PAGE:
Dichotic Word Recognition of Young Adults in Adverse Listening Conditions
Keywords:Dichotic Word Recognition
right ear advantage
simulated hearing loss
sensorineural hearing loss
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Publisher:The Ohio State University
Series/Report no.:The Ohio State University. Department of Speech and Hearing Science Honors Theses; 2009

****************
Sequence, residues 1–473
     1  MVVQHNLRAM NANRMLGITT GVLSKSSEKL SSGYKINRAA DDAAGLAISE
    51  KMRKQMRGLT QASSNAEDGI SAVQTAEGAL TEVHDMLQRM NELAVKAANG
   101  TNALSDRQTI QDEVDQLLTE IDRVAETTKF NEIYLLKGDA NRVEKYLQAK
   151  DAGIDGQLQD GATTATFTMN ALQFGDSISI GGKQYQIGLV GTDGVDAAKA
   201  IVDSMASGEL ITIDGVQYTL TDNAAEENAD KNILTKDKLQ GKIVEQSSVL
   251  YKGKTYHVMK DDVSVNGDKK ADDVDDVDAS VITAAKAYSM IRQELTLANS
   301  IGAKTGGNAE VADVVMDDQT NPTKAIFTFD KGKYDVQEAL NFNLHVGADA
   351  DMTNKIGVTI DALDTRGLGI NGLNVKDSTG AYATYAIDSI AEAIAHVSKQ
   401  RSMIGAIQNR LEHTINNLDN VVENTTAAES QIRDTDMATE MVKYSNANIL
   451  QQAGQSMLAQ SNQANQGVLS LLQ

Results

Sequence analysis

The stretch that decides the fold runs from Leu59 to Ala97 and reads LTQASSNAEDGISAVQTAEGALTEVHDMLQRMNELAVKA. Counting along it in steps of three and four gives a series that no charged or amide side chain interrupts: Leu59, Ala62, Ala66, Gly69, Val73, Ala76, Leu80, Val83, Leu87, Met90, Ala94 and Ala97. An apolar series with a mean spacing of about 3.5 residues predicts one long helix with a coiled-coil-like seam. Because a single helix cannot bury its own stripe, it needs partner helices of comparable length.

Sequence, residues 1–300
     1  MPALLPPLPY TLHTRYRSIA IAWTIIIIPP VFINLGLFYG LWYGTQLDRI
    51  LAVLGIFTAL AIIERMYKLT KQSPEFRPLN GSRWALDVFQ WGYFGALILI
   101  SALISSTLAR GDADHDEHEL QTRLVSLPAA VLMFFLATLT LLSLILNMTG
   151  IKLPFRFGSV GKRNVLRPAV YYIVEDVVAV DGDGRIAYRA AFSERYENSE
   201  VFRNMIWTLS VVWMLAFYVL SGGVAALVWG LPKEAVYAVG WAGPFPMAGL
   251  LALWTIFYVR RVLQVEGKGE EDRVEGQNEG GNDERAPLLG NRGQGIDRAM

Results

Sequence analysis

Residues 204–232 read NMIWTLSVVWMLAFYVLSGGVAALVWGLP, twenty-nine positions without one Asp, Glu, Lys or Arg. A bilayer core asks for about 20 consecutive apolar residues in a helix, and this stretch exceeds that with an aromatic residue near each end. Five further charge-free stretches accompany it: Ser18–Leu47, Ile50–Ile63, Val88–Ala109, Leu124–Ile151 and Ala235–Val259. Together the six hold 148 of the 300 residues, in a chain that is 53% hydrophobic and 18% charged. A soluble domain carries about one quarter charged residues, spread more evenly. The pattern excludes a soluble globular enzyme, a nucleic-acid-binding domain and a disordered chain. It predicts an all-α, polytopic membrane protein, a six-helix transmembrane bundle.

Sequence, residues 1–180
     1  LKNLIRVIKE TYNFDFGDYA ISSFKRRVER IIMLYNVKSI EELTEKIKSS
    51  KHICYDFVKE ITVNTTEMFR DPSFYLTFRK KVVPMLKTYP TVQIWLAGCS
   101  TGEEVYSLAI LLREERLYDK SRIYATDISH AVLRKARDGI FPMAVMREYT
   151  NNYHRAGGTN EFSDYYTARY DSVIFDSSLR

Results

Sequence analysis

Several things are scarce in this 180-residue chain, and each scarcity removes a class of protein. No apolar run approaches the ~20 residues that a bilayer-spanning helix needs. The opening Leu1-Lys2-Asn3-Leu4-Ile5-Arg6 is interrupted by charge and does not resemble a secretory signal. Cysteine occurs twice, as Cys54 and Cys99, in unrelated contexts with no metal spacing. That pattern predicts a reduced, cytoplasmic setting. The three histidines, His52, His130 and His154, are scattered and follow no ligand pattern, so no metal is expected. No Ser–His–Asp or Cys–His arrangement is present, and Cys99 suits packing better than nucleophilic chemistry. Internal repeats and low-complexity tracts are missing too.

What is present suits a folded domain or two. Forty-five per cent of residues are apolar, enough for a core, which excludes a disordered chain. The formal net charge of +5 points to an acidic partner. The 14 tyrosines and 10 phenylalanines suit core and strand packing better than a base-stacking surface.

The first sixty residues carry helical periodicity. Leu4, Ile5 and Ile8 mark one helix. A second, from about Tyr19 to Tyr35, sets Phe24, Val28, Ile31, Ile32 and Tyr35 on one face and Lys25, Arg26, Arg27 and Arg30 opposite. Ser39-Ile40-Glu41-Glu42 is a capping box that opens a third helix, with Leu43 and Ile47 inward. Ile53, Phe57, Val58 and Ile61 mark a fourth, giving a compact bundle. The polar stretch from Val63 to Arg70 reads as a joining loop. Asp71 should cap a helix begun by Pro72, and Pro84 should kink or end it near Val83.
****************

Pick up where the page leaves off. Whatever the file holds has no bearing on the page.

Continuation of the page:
The purpose of the present study was to measure dichotic word recognition performance in both noise and with simulated hearing loss in young adults with normal hearing to better compare performance to that of older adults with sensorineural hearing loss. Ten right-handed young adults with normal hearing participated. Dichotic word recognition was measured in three conditions: (1) in quiet, (2) in a background of speech spectrum noise, and (3) with simulated hearing loss (Moore & Glasberg, 1993). A free-recall response paradigm was used for each condition in which listeners were required to repeat both dichotic stimuli regardless of order. As expected, results revealed significant decreases in overall recognition performance in the noise and simulated hearing loss conditions relative to the quiet condition. Despite the decreases in overall recognition performance, the right ear advantages (differences between ear performance) were not significantly different across listening conditions (i.e., they remained relatively small). The young adult REA data was also compared to the older adult data from Roup et al. (2006). Results revealed that the older adults exhibited a significantly larger REA compared to the young adults, despite similar levels of overall recognition performance. These results support the proposed hypothesis that the large REAs exhibited by older adults reflect declines in auditory processing rather than their hearing loss. Declines in auditory processing among older adults have been associated with difficulty with the use of bilateral hearing aids. If the REA is due to declines in auditory processing, it may be more beneficial to fit those patients with one hearing aid rather than two.
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